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Large framed mirrors behind a pair of contemporary consoles create the illusion of more space in the living room, which opens onto the dining room. A trio of Venetian glass chandeliers adds modern glamour. See more photos in the gallery below.
Being hired to redo the interior of a landmarked Astor Street mansion built in 1899 was a dream come true for designer Michael Abrams. But before he put pen to paper, he encouraged his new clients to dream a little bigger themselves.
“It was a home that needed to be restored to its original grandeur,” he says. “I felt that we should involve an architect to do it justice.” The 11,000-square-foot five-level house had been through a lot—being chopped up into nine apartments was, indisputably, its lowest point. It had later been reassembled into a five-bedroom, ten-bath single-family residence, with a rear addition that was never completed.
Abrams recommended Kevin Toukoumidis, of dSpace Studio, to help rethink the house, and the two soon began collaborating to complete its transformation. With the help of Fraser Construction, they moved, widened, and articulated walls, re-created the original windows with double-insulated glass, and installed new transom windows in the rear addition, among other bold moves. To ensure a cohesive aesthetic, they worked closely together on colors, surface finishes, and furnishings.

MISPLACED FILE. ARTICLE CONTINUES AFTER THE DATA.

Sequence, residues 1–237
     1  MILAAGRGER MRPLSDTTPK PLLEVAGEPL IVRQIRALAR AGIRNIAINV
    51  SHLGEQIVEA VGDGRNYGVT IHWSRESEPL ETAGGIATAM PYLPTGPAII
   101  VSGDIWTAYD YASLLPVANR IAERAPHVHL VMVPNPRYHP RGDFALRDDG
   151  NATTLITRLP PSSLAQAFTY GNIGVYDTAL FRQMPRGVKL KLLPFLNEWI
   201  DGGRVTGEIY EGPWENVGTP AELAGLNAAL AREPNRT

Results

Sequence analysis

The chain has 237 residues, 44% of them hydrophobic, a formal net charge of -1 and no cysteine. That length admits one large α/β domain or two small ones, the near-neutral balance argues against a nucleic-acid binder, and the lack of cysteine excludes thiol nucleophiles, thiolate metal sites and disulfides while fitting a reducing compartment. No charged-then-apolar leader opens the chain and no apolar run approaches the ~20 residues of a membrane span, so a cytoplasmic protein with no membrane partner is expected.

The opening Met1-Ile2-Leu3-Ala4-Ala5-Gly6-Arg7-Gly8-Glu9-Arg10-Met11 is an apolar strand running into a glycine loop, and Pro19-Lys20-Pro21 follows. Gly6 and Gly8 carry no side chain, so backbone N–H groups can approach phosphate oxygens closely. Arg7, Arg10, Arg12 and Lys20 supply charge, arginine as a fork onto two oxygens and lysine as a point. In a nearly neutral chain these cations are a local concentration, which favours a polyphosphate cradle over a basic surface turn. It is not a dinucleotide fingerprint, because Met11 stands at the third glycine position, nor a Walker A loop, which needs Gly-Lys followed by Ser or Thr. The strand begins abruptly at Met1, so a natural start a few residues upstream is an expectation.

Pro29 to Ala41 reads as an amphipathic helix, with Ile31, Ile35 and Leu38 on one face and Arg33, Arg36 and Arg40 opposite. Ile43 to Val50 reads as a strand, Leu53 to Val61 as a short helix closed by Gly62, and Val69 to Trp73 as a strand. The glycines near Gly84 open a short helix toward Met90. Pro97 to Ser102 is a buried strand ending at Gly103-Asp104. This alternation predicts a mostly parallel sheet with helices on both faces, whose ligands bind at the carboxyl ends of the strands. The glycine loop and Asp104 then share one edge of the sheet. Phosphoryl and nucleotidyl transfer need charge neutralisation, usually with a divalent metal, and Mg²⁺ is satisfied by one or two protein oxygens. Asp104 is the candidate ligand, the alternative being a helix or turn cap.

“Kevin and I merged our mindsets from the very beginning, which is why the result is so cohesive,” Abrams explains. “We developed that language very early in the project and stayed true to it.”
Photography: Nathan Kirkman
Styling: Diane Ewing
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